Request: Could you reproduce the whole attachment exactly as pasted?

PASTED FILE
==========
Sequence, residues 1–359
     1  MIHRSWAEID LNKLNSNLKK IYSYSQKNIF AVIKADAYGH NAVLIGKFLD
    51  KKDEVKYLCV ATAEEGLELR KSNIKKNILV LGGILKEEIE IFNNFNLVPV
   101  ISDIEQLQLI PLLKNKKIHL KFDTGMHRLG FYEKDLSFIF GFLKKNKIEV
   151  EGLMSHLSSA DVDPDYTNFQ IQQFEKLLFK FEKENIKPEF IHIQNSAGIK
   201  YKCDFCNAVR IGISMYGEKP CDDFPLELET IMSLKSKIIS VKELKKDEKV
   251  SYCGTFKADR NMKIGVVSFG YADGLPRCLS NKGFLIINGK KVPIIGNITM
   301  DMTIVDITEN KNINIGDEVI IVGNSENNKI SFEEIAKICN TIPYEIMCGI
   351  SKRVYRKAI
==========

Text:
Sequence, residues 1–359
     1  MIHRSWAEID LNKLNSNLKK IYSYSQKNIF AVIKADAYGH NAVLIGKFLD
    51  KKDEVKYLCV ATAEEGLELR KSNIKKNILV LGGILKEEIE IFNNFNLVPV
   101  ISDIEQLQLI PLLKNKKIHL KFDTGMHRLG FYEKDLSFIF GFLKKNKIEV
   151  EGLMSHLSSA DVDPDYTNFQ IQQFEKLLFK FEKENIKPEF IHIQNSAGIK
   201  YKCDFCNAVR IGISMYGEKP CDDFPLELET IMSLKSKIIS VKELKKDEKV
   251  SYCGTFKADR NMKIGVVSFG YADGLPRCLS NKGFLIINGK KVPIIGNITM
   301  DMTIVDITEN KNINIGDEVI IVGNSENNKI SFEEIAKICN TIPYEIMCGI
   351  SKRVYRKAI